Why wilful defaulters being protected?

Why wilful defaulters being protected?

As Central Information Commissioner this author has issued a showcause notice to the Reserve Bank of India RBI Governor as the bank has, as a matter...

As Central Information Commissioner this author has issued a show-cause notice to the Reserve Bank of India (RBI) Governor as the bank has, as a matter of policy, decided not to disclose the information which the Supreme Court directed to disclose, as ordered by the then CIC Shailesh Gandhi, on RTI requests filed by 11 applicants. The Chief Information Commissioner has communicated some objections raised by others (not in writing) criticising the order. However, they could not point out single illegality in the order. Then the same objections appeared in a newspaper the next day (on 9th Nov 2018).

None of the objections was reasonable, logic or legal. In a letter dated 19th November 2018, this author answered each of the objections, as follows:

The concerns should have been raised when the complaint of Shailesh Gandhi, against non-compliance of his orders against the RBI, in spite of SC’s confirmation, was illegally dismissed by the commission on the excuse that it was not based on an RTI application. The fact that an RTI application of 2011 was the basis of the litigation that reached Supreme Court has been simply ignored. Observation: ‘When substantial part of the RTI appeal deals with subject/s allotted to other Information Commissioner/s, it should be sent to the other IC/s. Not sending is violation of unwritten protocol.’

Response: Such a norm or a practice was never laid down anywhere anytime in the CIC. If an appeal contains points pertaining to two different public authorities, it was never split into two and given to two different ICs. I did not choose this appeal; it came to me in routine. Neither the Registry nor the IC will sever such a matter into two pieces and share. You have suggested that I breached unwritten protocol. A protocol is always written. What you suggested was unheard of. Observation: ‘It has put another Information Commissioner dealing with that subject in an embarrassing position. Hence, it should have been avoided.’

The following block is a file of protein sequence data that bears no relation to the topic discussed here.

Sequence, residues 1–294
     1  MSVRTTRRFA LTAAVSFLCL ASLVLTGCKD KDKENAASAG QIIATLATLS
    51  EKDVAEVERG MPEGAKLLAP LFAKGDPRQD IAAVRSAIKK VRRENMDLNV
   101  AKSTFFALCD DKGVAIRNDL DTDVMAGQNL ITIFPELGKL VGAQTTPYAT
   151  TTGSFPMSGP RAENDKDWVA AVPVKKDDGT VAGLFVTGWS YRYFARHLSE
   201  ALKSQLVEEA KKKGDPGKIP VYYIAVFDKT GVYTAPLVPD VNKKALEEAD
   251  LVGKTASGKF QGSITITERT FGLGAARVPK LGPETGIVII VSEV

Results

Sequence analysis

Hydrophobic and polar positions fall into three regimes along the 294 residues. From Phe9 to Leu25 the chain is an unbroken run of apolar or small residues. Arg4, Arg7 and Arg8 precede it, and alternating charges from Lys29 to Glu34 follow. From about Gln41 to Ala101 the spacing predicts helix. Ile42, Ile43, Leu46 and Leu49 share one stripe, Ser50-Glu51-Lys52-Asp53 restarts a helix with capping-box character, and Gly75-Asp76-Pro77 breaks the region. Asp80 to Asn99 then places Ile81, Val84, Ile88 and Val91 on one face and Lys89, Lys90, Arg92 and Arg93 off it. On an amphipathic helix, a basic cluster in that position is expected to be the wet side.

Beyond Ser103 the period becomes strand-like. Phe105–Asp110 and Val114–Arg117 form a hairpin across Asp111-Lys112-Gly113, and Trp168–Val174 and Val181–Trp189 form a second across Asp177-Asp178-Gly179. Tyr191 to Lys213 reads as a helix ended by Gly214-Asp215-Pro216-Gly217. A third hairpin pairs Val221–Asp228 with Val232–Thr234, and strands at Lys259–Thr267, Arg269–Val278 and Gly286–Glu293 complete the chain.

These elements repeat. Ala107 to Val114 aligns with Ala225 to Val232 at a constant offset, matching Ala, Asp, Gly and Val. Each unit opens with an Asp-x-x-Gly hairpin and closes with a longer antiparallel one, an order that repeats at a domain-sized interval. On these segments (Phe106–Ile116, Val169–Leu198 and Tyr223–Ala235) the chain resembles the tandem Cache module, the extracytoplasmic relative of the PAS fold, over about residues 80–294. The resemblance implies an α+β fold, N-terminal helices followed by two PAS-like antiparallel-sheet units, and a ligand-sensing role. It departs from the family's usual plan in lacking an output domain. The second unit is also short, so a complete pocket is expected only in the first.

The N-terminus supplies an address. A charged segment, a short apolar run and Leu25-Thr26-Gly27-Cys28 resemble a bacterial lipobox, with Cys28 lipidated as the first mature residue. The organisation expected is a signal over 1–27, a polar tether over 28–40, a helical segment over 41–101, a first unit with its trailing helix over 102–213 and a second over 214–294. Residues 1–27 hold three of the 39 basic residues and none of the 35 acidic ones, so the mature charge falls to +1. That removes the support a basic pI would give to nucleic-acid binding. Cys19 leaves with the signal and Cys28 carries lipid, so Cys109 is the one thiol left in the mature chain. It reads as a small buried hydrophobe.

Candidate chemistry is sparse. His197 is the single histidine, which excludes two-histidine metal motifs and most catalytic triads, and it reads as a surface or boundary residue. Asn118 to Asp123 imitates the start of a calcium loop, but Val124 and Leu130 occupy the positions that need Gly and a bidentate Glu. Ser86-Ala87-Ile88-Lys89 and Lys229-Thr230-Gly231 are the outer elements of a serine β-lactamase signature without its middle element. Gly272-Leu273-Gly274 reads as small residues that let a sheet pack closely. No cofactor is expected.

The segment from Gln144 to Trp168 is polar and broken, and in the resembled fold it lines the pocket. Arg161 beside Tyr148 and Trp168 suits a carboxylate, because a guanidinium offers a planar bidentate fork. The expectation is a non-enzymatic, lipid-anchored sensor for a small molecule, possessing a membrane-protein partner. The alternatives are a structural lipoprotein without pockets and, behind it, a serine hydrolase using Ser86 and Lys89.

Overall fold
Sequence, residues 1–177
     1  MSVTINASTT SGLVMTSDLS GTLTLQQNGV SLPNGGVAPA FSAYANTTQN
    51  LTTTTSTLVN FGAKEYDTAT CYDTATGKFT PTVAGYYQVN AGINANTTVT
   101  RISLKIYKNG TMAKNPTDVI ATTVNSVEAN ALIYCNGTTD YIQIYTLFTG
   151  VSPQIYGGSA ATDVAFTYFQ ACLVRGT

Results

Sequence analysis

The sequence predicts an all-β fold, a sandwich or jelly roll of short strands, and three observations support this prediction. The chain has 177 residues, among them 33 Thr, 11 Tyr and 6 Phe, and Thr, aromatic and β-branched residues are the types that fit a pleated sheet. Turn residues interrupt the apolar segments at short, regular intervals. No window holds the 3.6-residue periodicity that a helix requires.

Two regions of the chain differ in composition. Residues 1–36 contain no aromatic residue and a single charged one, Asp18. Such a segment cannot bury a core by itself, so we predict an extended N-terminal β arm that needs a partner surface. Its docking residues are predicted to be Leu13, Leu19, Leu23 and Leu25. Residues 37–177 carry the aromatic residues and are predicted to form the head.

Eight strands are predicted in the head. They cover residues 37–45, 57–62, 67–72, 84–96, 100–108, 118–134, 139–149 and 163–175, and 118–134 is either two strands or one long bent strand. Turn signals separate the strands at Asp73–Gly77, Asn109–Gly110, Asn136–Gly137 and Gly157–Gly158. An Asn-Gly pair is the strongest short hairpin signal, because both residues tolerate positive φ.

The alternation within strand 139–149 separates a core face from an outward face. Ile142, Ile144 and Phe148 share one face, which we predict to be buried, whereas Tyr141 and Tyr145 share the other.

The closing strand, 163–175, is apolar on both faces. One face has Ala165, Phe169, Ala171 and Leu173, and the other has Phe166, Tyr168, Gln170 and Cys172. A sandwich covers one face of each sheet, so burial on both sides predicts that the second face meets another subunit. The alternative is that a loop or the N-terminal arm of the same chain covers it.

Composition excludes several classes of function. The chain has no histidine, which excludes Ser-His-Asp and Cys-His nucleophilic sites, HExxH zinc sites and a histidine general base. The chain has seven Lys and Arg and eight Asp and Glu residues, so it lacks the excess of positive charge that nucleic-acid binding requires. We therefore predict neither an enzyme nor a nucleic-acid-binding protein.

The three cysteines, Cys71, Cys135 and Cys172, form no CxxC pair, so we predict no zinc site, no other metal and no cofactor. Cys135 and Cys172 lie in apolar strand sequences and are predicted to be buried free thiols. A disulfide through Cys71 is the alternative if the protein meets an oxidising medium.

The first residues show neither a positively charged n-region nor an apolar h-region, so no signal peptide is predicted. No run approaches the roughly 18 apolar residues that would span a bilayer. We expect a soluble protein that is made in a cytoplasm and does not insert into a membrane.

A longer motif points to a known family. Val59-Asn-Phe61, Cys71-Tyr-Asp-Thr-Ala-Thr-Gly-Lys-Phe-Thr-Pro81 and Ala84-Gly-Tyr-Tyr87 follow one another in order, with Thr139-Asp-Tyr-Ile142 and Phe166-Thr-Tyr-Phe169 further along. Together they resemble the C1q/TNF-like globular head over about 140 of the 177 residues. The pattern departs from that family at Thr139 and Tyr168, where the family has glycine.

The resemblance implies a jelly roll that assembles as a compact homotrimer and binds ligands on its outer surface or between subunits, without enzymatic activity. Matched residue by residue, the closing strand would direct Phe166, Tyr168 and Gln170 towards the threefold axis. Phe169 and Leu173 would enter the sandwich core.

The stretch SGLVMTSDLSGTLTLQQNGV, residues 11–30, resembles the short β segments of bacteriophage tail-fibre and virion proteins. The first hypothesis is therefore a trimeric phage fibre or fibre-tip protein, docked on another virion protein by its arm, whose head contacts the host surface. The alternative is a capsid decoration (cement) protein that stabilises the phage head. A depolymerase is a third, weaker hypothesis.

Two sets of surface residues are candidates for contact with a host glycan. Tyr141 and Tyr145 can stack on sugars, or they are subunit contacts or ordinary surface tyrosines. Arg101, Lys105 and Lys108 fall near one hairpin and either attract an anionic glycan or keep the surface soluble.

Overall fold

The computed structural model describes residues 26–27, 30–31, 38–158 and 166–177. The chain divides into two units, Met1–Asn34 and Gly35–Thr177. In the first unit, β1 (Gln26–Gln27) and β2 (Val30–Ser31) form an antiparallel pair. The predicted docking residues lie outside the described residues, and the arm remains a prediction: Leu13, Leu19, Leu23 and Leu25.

Response: Information Commissioner’s primary duty is to uphold and implement the RTI Act, which was being violated by important public authorities like the RBI. Depending on the context, the IC issues directions to other authorities also, irrespective of the fact that it was dealt with by the other IC. It is a legally valid practice in general. The entire commission should feel embarrassed when its order is not being complied with like this.

Observation: ‘The CIC should speak in one voice. There should not be any difference of opinion between two Commissioners’ orders. The Division Bench of ICs had decided on the same matter. You gave a different order.’

Response: The two-IC-bench did not decide the matter at all. It was simply adjourned indefinitely. There was neither ruling nor direction. It was an adjournment to wait for final decision of Supreme Court. There was a PIL for disclosure of names of wilful defaulters filed in 2003, much prior to enactment of RTI Act, 2005. As per Section 8(2)(b) mere pendency of list (i.e. sub-judice) is not a ground for rejecting an RTI, only that information which is barred from disclosure by courts need not be given. This was totally ignored by the CIC, which could have been criticised as non-performance of a statutory duty.